“Would you like fries with that?” is a phrase used sometimes by people to mock a low paying services job. While using a phrase like that really says more about the person using it than it does the focus of the phrase, it does a great job capturing the ease with which people discount overall services labor. On Friday we got the May nonfarm payroll report which came in at a much stronger than expected headline number of 280,000 jobs created with labor force participation and unemployment rates essentially unchanged. And almost as quickly as the bond market sold off, out came the usual journalists and other naysayers who cling to the misguided perception that job creation is in all low paying services jobs. Take for example Jeff Cox from CNBC and this article “Fast food nation : What’s driving the jobs numbers” where he cites the 57,000 leisure and hospitality jobs as being representative of the overall report and a reason for the Fed to stick with ZIRP. What Jeff doesn’t cite are the 63,000 jobs created in Professional and business services or the 74,000 jobs created in Education and health services. That would make Leisure and hospitality jobs the third largest category for gains, not the second as Jeff’s article says. But hey, why let facts get in the way of an easy story. What I’m going to do here is breakdown Friday’s report and really look at the jobs being created and more importantly, the actual dollar value they are bringing to the table. Let’s start with the top five industries for job gains in the May report:
Just looking at that, people might be concerned that a large amount of jobs being created are in the Leisure and hospitalities industry. Now, let’s look at the data taking into account labor force size and average earnings (excluding government jobs).
Major points from the table:
- Professional and business Services (PBS) and Education and health services (EDH) represent 40% of aggregate earnings.
- Manufacturing (MFCT) represents just 13% of aggregate earnings which goes along with exports being roughly just 13.5% of GDP.
- Mining and logging which includes the Oil and gas industry counts for a minute percentage of the overall labor force. This tells me why we haven’t seen the energy sector job losses show up in claims data.
As you can see, Professional and business services (PBS) is generating the most earnings (Total Earnings = Number of Employees x Average Weekly Wages). PBS is also ranked second in job growth in May and has been a top gainer all year. What exactly is PBS you might ask? PBS is a supersector made up of 3 subsectors which are:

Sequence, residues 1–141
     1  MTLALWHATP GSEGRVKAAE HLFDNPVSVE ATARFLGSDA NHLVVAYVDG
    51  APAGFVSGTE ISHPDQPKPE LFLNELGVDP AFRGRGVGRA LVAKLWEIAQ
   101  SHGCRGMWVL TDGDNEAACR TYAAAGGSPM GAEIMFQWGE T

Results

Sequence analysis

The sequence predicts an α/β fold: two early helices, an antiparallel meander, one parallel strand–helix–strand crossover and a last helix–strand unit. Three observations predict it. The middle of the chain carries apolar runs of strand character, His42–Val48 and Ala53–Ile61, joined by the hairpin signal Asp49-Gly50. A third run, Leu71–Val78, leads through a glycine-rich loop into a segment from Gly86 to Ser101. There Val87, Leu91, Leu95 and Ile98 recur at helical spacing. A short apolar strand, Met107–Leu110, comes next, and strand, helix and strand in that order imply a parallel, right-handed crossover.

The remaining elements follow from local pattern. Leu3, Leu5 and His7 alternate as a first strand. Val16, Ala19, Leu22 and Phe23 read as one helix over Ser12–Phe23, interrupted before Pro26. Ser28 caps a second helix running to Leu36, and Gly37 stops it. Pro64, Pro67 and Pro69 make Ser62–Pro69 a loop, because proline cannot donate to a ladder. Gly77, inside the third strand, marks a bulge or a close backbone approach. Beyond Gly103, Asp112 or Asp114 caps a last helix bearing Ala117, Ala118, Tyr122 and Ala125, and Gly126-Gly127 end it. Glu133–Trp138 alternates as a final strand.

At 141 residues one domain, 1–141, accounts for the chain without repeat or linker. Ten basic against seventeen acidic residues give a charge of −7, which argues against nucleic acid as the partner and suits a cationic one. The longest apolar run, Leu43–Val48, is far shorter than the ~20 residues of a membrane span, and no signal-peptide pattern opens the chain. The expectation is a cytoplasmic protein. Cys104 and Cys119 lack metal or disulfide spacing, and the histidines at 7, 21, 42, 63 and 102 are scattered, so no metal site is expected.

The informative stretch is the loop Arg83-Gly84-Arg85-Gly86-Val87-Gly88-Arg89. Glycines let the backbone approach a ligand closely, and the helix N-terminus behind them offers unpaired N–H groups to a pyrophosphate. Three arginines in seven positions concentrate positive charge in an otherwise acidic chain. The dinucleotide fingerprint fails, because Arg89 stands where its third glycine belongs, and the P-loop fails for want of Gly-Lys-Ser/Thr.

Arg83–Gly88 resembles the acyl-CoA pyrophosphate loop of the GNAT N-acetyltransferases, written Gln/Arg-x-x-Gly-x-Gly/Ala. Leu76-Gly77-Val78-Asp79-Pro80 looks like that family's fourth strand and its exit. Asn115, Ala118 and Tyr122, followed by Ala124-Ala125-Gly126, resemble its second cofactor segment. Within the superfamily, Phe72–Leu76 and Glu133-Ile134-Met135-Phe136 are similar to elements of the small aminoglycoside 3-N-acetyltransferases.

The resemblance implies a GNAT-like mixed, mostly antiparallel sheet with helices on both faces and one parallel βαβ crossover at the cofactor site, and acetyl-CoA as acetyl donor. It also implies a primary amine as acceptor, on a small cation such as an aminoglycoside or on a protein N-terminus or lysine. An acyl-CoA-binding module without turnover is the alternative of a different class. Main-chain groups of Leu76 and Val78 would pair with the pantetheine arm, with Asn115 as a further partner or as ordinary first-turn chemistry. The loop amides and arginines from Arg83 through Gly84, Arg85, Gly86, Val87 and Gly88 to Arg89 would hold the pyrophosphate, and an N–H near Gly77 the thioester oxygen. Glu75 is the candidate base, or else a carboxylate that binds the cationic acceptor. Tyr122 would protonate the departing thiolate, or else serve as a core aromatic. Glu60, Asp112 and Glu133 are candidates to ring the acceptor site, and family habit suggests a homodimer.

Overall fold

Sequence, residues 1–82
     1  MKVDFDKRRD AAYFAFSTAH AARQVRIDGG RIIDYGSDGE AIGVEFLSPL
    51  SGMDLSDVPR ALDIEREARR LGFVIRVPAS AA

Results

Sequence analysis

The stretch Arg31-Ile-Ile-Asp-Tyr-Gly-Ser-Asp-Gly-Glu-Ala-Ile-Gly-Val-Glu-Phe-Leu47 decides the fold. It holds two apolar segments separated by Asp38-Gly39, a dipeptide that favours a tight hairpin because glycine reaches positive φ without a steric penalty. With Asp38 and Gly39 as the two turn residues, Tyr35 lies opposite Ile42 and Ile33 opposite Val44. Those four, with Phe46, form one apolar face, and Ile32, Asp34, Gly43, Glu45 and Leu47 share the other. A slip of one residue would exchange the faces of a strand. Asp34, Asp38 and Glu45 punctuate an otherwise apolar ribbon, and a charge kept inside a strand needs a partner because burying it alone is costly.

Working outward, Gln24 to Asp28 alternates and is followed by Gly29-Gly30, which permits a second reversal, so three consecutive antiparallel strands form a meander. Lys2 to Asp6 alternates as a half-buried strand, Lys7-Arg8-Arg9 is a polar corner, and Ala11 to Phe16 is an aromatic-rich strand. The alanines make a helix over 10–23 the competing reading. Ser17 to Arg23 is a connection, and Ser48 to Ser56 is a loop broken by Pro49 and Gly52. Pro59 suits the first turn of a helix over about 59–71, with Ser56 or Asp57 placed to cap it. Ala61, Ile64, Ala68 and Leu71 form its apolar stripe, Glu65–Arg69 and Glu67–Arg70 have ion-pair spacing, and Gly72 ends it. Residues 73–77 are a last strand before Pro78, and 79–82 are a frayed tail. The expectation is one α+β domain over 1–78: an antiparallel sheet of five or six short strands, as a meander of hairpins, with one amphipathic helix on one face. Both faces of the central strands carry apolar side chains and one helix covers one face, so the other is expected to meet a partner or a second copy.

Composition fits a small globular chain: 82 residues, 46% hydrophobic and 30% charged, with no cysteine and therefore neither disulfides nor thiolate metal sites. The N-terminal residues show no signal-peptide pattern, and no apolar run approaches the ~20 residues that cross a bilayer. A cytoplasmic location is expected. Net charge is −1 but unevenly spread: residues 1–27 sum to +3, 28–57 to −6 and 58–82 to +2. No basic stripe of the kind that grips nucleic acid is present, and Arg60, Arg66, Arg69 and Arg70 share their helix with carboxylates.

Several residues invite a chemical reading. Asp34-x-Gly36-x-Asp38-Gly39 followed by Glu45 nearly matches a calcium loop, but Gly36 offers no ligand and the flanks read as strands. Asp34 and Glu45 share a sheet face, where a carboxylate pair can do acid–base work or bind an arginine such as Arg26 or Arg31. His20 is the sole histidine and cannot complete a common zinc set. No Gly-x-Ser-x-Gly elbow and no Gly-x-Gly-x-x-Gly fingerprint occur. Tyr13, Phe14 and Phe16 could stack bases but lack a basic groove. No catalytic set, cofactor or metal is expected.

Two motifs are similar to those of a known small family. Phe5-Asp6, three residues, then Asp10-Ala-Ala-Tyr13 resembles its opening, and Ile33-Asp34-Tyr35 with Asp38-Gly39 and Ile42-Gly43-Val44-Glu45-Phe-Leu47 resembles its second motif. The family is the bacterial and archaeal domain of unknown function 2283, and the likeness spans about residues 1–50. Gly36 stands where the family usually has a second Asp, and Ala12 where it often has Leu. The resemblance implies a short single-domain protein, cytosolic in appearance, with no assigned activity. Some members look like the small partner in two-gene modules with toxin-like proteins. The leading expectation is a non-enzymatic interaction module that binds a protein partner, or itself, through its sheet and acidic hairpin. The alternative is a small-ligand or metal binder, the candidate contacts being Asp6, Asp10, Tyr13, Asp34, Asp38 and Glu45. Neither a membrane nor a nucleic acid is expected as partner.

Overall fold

- Professional, Scientific, and Technical Services
- Management of Companies and Enterprises
- Administrative and Support and Waste Management and Remediations Service.
Basically PBS runs the gamut from lawyers, accountants, architects, engineers, CEO’s and your local custodial arts person. Many people like to discount PBS and make the argument that the loss of manufacturing jobs has been a drag on the economy, but as you can see in the below chart it has not. Clearly PBS is the workhorse of the economy.
This data also plays into why the Markit and ISM services reports are so important. The most recent Markit release from June 3rd came in at a healthy 56.2 with payroll numbers and business optimism both increasing. The ISM report released the same day reflected the same upward trend. Historically speaking, anything in the mid 50’s on diffusion indices is a healthy range signaling expansion. When we look at the job creation in services, the percentage of labor force earnings that services represent and the nearly all time low level of unemployment claims, we clearly have a healthy labor market.
I think it’s easy for people to get hung up on the importance of manufacturing jobs because of the familiarity manufacturing has. America used to be all about steel mills, car factories and other labor intensive industries. Facts are, times have changed and lots of work boots have been exchanged for loafers and heels. Not to say American manufacturing is dead because we will always have local production of some goods, but comparative advantage allocates resources and production to the most economic places. The point of all this is to say that the labor market and the overall economy is much healthier than most people in financial media say. So the next time you hear someone bemoan the loss of manufacturing jobs and discount the growth in services, you can ask them “Would you like some research with that?”